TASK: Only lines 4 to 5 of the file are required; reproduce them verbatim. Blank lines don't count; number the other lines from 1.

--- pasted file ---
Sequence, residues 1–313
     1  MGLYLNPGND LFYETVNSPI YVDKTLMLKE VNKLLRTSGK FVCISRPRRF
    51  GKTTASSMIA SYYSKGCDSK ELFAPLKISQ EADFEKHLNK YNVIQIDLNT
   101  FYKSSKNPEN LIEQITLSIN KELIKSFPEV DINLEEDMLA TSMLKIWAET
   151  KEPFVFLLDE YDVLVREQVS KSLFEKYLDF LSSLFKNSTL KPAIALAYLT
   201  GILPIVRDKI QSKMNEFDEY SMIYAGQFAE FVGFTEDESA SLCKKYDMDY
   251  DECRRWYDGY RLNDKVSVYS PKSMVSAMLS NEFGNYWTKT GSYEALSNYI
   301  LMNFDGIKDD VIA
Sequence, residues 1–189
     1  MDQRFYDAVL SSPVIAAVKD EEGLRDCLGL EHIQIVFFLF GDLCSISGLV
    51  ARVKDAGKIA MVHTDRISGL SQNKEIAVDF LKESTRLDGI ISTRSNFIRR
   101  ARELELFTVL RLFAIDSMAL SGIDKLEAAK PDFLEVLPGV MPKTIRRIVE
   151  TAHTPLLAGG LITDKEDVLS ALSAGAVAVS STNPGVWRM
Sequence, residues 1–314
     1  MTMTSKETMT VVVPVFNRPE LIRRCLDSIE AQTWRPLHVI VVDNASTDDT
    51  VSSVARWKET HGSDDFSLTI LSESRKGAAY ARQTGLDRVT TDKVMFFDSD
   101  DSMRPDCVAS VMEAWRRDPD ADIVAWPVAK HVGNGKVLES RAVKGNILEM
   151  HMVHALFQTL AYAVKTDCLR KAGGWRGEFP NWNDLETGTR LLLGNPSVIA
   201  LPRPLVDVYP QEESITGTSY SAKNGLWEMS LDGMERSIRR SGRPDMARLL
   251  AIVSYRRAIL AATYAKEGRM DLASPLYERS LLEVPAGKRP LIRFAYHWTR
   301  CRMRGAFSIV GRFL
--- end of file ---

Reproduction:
   101  FYKSSKNPEN LIEQITLSIN KELIKSFPEV DINLEEDMLA TSMLKIWAET
   151  KEPFVFLLDE YDVLVREQVS KSLFEKYLDF LSSLFKNSTL KPAIALAYLT